By James Lyons
It is expected that early on in 2008, probably February, the United Nations-supervised Albanian Muslim Administration of the Serbian province of Kosovo will make a unilateral declaration of independence (UDI).
The United States has said it is prepared to recognize Kosovo, despite the objections of the Serbian government and more importantly, despite the fact that Russia, a key ally of Serbia, does not want Kosovo independence.
While unclear, it is likely a number of European countries starting with the United Kingdom, France and Germany will follow Washington's lead. Several other countries, notably Spain, Cyprus, Romania, Slovakia and Greece say they will not recognize Kosovo's UDI. The UDI would be undertaken without approval from the U.N. Security Council because of the vigorous objection of Russia and China, who claim no sovereign state's territory can be detached without its consent. Further, as pointed out by George Friedman in his Stratfor article, there was an absolute consensus that post-World War II borders of Europe were sacrosanct. Therefore, no borders would shift.
Most ominously, Russia with its newfound resurgence under Vladimir Putin's guidance has stated its willingness to support Serbia against what they would consider an illegal occupation of Serbian territory. The current Serbian government is divided on whether it would be prepared to use force to protect its citizens in a breakaway Kosovo, but there have been clear indications that Moscow is prepared to provide military assistance if Serbia requests it.
A government crisis in Belgrade would certainly unfold in the wake of a Kosovo UDI and U.S. recognition. This certainly would solve Serbia's dilemma about requesting Russia's offer of aid.
As described in a recent article in Stratfor, Washington and Moscow seem to blunder into what is described as an "asymmetrical" crisis. The U.S. seems intent on letting the Serbian province of Kosovo break away and apparently sees the issue of no great importance.
Russia on the other hand, sees the situation very differently. Moscow has warned it will not accept independence for Kosovo. Mr. Putin has put his prestige on the line. He cannot afford to back down as Boris Yeltsin did. And therein lies the crisis.
This is an "optional" crisis. We cannot overlook the fact that the dominant element in the local Albanian administration are commanders from the so-called Kosovo Liberation Army that have known ties to the global jihad movement and organized crime. Further, more than 300 mosques have been built in Kosovo, funded mainly by Saudi Arabia where the radical teachings of the Wahhabi sect are promoted.
From a strategic viewpoint, we are endorsing formation of a "Taliban-like" state in the very heart of Europe. It is difficult to see what advantages exist for the U.S. to force a resolution for Kosovo, especially one that threatens to unleash instability in the troubled region, as well as a broader political showdown with Russia, and China too. Not only do we have enough serious issues with those countries, over Iran, Taiwan and North Korea, the U.S. can ill afford with our ongoing efforts in the Middle East to commit additional military forces to a new confrontation in the Balkans.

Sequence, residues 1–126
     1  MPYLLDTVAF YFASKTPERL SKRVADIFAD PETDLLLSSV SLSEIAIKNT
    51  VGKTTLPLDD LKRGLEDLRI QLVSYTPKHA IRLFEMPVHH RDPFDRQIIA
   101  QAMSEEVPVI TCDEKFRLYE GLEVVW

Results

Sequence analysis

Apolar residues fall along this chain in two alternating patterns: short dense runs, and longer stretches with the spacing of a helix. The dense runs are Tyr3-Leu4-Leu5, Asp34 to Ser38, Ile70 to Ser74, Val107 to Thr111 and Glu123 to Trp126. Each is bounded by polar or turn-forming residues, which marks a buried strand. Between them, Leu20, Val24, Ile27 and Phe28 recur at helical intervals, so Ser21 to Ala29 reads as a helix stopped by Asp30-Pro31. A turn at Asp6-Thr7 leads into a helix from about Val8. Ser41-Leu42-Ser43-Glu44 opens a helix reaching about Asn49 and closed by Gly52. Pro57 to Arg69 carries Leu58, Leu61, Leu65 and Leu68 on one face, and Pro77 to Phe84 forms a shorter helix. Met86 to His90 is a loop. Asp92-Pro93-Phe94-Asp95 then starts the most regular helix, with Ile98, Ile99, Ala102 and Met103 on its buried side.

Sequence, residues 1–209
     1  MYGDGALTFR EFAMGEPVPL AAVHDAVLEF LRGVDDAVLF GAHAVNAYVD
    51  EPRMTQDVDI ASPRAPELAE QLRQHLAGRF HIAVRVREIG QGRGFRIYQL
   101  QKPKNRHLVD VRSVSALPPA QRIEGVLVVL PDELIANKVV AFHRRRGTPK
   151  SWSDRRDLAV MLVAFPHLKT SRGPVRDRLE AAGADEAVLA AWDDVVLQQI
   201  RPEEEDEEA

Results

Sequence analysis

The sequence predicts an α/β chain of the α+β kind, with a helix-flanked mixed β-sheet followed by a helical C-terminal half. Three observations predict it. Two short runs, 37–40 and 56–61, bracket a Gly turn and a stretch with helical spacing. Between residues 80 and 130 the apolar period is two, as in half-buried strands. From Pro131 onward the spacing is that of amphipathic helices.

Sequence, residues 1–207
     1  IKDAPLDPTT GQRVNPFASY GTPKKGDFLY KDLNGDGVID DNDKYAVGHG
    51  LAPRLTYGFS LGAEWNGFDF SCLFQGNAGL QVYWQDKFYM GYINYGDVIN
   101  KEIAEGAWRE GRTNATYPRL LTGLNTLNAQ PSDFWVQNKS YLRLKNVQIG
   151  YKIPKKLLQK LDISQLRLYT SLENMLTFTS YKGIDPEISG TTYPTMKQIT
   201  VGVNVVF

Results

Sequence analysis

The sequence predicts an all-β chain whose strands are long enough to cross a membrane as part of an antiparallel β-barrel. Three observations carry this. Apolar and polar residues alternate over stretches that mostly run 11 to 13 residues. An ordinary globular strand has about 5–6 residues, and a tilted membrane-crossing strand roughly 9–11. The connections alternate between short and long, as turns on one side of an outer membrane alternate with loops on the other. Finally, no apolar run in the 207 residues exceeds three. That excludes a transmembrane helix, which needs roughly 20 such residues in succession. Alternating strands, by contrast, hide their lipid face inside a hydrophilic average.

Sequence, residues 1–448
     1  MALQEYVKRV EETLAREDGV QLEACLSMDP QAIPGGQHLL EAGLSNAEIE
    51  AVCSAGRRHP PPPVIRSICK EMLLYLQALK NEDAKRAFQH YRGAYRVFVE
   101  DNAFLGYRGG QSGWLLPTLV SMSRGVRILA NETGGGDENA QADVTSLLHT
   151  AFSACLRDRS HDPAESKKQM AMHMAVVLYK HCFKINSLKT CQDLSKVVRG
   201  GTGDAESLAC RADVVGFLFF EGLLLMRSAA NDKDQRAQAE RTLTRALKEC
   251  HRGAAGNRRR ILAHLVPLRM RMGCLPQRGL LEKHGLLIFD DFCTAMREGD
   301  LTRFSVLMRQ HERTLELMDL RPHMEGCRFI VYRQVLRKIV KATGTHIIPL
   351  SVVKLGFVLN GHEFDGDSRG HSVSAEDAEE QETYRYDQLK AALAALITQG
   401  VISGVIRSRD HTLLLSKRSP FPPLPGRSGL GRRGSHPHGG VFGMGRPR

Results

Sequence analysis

With an unemployment rate of up to 70 percent, no one who has been to Kosovo, as I have, can doubt we are looking at the creation of a failed, nonviable rogue state. This, notwithstanding claims by the House Foreign Affairs Committee chairman that somehow Muslim-led governments will embrace the United States for supporting creation of a Muslim state in the very heart of Europe. They will embrace us the same as Iran did after our elimination of their archenemy Saddam Hussein.
There is no reason for the secretary of state to be beholden to the Holbrooke Cabal in the State Department. A recent op-ed by Richard Holbrooke, President Clinton's former ambassador to the U.N., urged the U.S. to move forward with Kosovo's UDI a position also embraced by Hillary Clinton's campaign. Oddly, even Mr. Holbrook concedes that supporting Kosovo's UDI would set the U.S. toward a "train wreck" with Russia.
Before the Kosovo UDI turns into what the Russian Foreign Ministry has called "crossing the Rubicon" and a possible "uncontrolled crisis," someone in the Bush administration needs to call for a long overdue reassessment of our Kosovo policy. America has much more important business to take care of that we cannot afford to jeopardize over a seemingly minor dispute to vindicate a Clinton agenda item.
James Lyons, U.S. Navy retired admiral, was commander in chief of the U.S. Pacific Fleet, senior U.S. military representative to the United Nations, and deputy chief of naval operations, where he was principal adviser on all Joint Chiefs of Staff matters.